Monday 13th July 2020

Resource Clips

Posts tagged ‘korea’

Towards Canadian REE R&D

June 27th, 2014

Industry calls on government to support a Canadian rare earths supply chain

by Greg Klein

Free markets supposedly work free of government meddling. But what capitalist would refer to free money, even from government, as “meddling”? Anyway, as a number of industry and academic spokespeople told a Canadian parliamentary committee, other governments do it. Canada lags far behind not only China, but also the U.S. and Australia, in funding research and development for a national rare earths industry.

Industry calls on government to support a Canadian rare earths supply chain

That was among the salient points of a 30-page summary of evidence that the House of Commons Standing Committee on Natural Resources released earlier this month. The challenge, of course, is to develop Canadian expertise that can diminish some of China’s near-monopoly on supply, demand and the various stages of processing commonly considered inscrutable to non-Chinese.

With light and heavy rare earths considered critical minerals for their economic importance and supply risk, the urgency becomes greater. All the more so because China’s “costs of producing ‘cheap’ rare earths are becoming increasingly unsustainable in terms of the environment, the availability of reserves, the health of its communities and the political ramifications,” according to a Secutor Capital Management report about Commerce Resources’ (TSXV:CCE) Ashram deposit in Quebec.

Other governments are putting up money. The U.S. has invested nearly $120 million to REE R&D over five years, the inquiry heard. Australia has committed $80 million over three years. But during a three-year period ending in March, Canada doled out a mere $1 million.

Canadian industry, on the other hand, matched every federal dollar given to Natural Resources Canada’s CanmetMINING research agency with $5 of its own. Most of it went to R&D.

“Canada is in a race with Australia, the U.S. and others to develop an industry,” Avalon Rare Metals TSX:AVL VP of sales and marketing Pierre Neatby told the committee. “Canada’s opportunity is now.”

There are other contenders too. Urging the feds on, Matamec Explorations TSXV:MAT president/CEO Andre Gauthier said, “Other countries, such as Brazil and Vietnam, are planning the development of their own rare earths industry and they are making it a priority.”

The inquiry also heard that Korea, Japan, the UK, Belgium, Germany and the EU “have created institutions and research programs that aim at diversifying the existing rare earth supply sources, recycling existing products and developing substitute materials to minimize the use of rare earth metals.”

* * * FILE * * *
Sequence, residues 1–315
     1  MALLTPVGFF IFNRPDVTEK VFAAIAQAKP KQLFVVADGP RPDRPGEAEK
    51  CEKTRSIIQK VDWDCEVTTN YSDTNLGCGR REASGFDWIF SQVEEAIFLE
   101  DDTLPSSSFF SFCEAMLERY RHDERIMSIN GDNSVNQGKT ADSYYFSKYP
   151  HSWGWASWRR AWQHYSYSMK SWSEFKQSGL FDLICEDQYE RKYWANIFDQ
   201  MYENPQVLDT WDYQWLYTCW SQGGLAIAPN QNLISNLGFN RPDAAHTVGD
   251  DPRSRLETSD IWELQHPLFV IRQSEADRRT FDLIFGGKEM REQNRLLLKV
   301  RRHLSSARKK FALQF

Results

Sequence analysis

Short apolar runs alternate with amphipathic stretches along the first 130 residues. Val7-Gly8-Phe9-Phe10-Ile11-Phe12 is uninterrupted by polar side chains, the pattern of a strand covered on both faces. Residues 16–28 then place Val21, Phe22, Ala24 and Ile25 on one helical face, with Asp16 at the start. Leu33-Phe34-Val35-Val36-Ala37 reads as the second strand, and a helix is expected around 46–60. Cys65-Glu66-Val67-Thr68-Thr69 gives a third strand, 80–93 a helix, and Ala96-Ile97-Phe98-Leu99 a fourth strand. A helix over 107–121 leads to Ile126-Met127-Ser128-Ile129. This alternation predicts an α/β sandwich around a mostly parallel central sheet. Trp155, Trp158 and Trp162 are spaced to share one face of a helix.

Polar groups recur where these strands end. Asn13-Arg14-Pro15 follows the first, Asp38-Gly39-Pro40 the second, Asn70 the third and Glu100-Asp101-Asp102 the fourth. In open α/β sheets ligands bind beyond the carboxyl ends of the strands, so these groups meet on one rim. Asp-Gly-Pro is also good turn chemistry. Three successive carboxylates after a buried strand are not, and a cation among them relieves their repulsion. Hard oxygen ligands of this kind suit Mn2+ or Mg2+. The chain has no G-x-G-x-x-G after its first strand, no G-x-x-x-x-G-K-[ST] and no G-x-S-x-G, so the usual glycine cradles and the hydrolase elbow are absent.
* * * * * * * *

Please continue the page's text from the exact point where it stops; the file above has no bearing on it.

According to Pele Mountain Resources TSXV:GEM president Al Shefsky, Canada “can lead and win, but [it] must act decisively…. If Canada does not adopt a national strategy, it will lose an extraordinary opportunity for economic growth and employment to foreign competitors who are investing heavily to seize this opportunity.”

A national rare earth supply chain “is essential to Canada’s strategic and economic security,” he added. “With world-class deposits of its own, Canada is in a unique position not only to produce rare earths, but to create its own rare earth supply chain, thereby creating billions of dollars of economic activity along with thousands of high-paying jobs.”

That potential comes from Canada’s deposits, roughly 40% to 50% of the world’s known rare earths resources, witnesses told the inquiry. Another advantage lies in Canada’s stability compared to countries like South Africa and Kyrgyzstan.

[The Canadian Rare Earth Elements Research Network wants to] establish a Canadian-based rare earths production and secure 20% of critical REE global supply by 2018.

But “no two REE deposits are the same,” pointed out representatives of the Canadian Rare Earth Elements Research Network. “Each deposit requires unique, costly and innovative engineering on front-end processing.”

Yet CREEN’s ambition expresses considerable optimism. The organization wants to “establish a Canadian-based rare earths production and secure 20% of critical REE global supply by 2018,” the committee stated. “CREEN is comprised of mining companies, academia, government, research centres, consulting firms and other organizations that are working together to develop innovative solutions to the various challenges faced by this sector.” By press time CREEN chairperson Ian London had not responded to a interview request. (Update: Read an interview with Ian London here.)